The overall tone across these eight episodes is mixed, with the writers struggling a little to maintain some form of balance. The issues that are tackled would generally be looked upon as serious, but there’s also a feeling that we mustn’t forget about the fun to be had. Not only then do we have the aforementioned Marumaro special, but also a bit of a weird one with episode 22’s Bouquet-centric shenanigans. ‘Vanishing, Vanishing, No!’ bizarrely places much of its focus on the villain Cynthia, who is far to vain for her own good, and is soon given a wake-up call when she learns that most of her subordinates quite fancy the buxom Bouquet. There’s little here but jealous rages, befuddlement and the usual slew of breast gags before finally some important truths are uncovered.

The remaining three episodes up the dramatics and with certain revelations regarding the identity of the mystery woman and the arrival of Sabaru Kingdom’s - former Grankingdom allies - battle fleet ready to take on Nene’s forces, the tension heightens as we take to the skies. Episode 22 ‘Towards the Blue Sky’ is particularly gratifying in that the change of scenery is welcome, with our heroes having stolen a ship and eventually crossing paths with the crew of a famous Sabaru vessel known as “Norg”. Lots of aerial combat keeps the pacing brisk and exciting, before the final episode hits hard with some tugging at heart strings.



Presented anamorphically at 1.78:1 the transfer for Blue Dragon does a great job in complementing a crisp and colourful anime. Colours remain suitably vibrant throughout and contrast and brightness levels are very pleasing. As per usual the NTSC-PAL conversion lets it down a little, with the picture exhibiting interlacing on HD set-ups. While the standards conversion isn‘t so easily helped, it’s a little more disappointing to see things like compression artefacts rearing their ugly head on discs containing just four episodes. By no means is Blue Dragon terrible in this department, but it does have a tendency to show a bit of noise during the major fight sequences when things get a little flashy with bright effects and quick editing.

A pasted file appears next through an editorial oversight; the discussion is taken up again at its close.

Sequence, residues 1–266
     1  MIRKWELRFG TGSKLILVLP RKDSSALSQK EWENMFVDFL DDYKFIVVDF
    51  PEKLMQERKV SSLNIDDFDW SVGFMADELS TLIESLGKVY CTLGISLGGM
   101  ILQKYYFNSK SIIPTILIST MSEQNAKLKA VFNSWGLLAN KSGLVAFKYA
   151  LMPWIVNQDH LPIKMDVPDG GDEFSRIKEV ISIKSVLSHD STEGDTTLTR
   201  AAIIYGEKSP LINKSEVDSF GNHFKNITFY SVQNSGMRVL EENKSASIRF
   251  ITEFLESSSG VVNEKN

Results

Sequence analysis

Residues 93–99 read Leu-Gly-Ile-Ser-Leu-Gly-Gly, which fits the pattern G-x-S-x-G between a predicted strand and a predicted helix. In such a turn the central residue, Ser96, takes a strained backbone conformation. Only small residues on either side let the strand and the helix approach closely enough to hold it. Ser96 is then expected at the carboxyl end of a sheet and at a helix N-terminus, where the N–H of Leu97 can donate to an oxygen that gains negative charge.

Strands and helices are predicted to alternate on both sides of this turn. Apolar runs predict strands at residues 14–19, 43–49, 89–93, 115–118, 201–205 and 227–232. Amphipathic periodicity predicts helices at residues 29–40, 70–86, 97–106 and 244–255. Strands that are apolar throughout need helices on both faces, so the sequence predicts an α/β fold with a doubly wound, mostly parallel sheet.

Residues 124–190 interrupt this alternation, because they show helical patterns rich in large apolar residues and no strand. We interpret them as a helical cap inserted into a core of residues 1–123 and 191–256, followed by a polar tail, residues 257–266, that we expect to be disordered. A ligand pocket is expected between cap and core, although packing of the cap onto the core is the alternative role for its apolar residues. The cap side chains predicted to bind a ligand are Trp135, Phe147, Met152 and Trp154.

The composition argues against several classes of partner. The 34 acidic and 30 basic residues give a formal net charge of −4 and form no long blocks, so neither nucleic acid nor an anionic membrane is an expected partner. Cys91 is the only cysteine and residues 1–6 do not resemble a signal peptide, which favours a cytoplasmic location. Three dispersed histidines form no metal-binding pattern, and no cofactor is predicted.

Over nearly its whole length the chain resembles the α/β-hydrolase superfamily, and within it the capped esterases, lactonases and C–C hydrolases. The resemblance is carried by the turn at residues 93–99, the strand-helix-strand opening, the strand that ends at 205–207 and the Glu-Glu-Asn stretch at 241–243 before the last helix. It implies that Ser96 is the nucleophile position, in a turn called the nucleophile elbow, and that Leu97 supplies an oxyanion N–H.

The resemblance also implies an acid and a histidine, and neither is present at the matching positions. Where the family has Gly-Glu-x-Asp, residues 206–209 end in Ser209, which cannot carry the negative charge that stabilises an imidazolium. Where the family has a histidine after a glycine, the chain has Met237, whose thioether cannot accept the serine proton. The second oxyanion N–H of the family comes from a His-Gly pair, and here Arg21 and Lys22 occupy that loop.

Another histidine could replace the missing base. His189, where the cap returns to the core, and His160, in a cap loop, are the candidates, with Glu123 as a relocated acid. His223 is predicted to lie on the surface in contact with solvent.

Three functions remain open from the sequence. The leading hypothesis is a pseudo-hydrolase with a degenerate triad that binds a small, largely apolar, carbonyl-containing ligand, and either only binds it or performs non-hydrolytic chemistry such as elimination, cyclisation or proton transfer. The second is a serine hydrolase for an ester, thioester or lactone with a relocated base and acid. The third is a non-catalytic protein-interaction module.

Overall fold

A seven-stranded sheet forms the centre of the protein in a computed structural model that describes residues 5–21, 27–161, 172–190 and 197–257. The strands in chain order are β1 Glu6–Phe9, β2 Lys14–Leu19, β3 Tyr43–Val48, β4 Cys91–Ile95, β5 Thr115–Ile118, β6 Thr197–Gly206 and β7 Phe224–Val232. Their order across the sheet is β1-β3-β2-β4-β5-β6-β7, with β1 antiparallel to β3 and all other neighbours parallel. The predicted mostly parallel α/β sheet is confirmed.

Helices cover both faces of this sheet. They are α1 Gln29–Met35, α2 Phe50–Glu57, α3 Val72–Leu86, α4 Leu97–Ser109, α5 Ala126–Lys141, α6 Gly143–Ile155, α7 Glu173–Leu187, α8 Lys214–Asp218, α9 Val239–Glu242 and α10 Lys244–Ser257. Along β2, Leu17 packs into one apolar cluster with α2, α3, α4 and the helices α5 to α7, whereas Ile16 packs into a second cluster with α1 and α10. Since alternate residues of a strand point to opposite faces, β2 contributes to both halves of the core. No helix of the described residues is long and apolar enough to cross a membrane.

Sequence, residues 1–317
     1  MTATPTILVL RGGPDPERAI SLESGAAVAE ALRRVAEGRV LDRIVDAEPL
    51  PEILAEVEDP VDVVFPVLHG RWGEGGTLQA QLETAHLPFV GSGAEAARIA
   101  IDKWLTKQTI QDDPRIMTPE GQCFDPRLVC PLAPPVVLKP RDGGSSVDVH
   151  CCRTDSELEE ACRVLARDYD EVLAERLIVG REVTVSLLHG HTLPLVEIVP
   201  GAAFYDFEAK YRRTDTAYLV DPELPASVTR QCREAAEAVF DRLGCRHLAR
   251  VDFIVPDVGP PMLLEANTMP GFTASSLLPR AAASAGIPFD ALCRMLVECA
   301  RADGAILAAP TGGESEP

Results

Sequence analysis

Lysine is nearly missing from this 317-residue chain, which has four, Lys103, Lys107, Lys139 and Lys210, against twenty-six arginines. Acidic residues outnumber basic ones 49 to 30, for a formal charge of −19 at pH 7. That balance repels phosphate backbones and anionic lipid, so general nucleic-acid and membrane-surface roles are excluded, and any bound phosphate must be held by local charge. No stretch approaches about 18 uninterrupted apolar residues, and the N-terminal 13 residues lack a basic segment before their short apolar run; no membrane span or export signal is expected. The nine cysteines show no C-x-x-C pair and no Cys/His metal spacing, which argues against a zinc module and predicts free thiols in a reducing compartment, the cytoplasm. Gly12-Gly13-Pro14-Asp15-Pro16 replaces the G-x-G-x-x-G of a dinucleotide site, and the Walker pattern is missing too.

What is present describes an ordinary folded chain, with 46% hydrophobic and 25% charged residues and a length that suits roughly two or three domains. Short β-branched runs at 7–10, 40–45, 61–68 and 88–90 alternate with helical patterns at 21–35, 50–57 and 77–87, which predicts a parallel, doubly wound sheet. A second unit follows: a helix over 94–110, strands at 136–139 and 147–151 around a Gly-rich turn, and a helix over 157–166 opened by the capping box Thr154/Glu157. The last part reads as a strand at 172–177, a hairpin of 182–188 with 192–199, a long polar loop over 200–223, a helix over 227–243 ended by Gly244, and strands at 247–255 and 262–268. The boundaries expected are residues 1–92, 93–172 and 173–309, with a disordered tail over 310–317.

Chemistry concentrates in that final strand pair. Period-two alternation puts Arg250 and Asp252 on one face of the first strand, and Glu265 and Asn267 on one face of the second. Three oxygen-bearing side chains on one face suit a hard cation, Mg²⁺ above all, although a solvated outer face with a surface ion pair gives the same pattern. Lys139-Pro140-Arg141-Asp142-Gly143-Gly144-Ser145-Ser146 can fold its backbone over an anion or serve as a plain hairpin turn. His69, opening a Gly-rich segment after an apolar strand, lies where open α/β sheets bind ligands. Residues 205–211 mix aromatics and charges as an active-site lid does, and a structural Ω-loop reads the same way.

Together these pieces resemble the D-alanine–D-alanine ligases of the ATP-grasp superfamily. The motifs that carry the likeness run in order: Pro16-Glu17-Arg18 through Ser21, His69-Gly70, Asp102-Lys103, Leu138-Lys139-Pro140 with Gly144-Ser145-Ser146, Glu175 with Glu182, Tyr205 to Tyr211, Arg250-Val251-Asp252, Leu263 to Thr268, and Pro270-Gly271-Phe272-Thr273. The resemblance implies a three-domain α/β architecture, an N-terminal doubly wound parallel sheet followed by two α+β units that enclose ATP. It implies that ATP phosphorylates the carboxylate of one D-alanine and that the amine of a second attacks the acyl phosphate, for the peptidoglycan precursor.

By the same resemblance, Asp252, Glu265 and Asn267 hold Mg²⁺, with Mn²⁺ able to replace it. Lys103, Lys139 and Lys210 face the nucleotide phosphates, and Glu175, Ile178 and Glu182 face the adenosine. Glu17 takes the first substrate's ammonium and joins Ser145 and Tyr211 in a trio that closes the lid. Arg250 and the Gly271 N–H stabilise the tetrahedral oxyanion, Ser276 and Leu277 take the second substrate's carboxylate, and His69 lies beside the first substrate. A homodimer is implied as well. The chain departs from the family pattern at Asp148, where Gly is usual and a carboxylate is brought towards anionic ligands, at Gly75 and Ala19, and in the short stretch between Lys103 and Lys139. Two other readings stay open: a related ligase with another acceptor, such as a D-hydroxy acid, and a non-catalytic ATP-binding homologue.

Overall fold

The discs contain a choice of Japanese and English DD2.0 soundtracks. Both are excellent offerings, squeezing as much action as possible out of the front channels. Particularly notable is a fairly aggressive bass, which heightens the onscreen battles and gives precedence to the opening and closing songs. Dialogue is also well balanced, proving not to get drowned out by any loud happenings or ambient effects.

Optional English subtitles are included and offer a solid translation, free from errors.


A bit of an up and down collection of episodes, Volumes 5&6 frequently changes tone as the series tries to balance his heavy dramatics and predictable humour. Still, it’s a little more entertaining than the previous volume, more so in that despite having its fair share of Shadow Wielding that has become a little stale by now, it does still make efforts to open up the storyline and offer a few new visually interesting moments.

7 out of 10
7 out of 10
8 out of 10
- out of 10


out of 10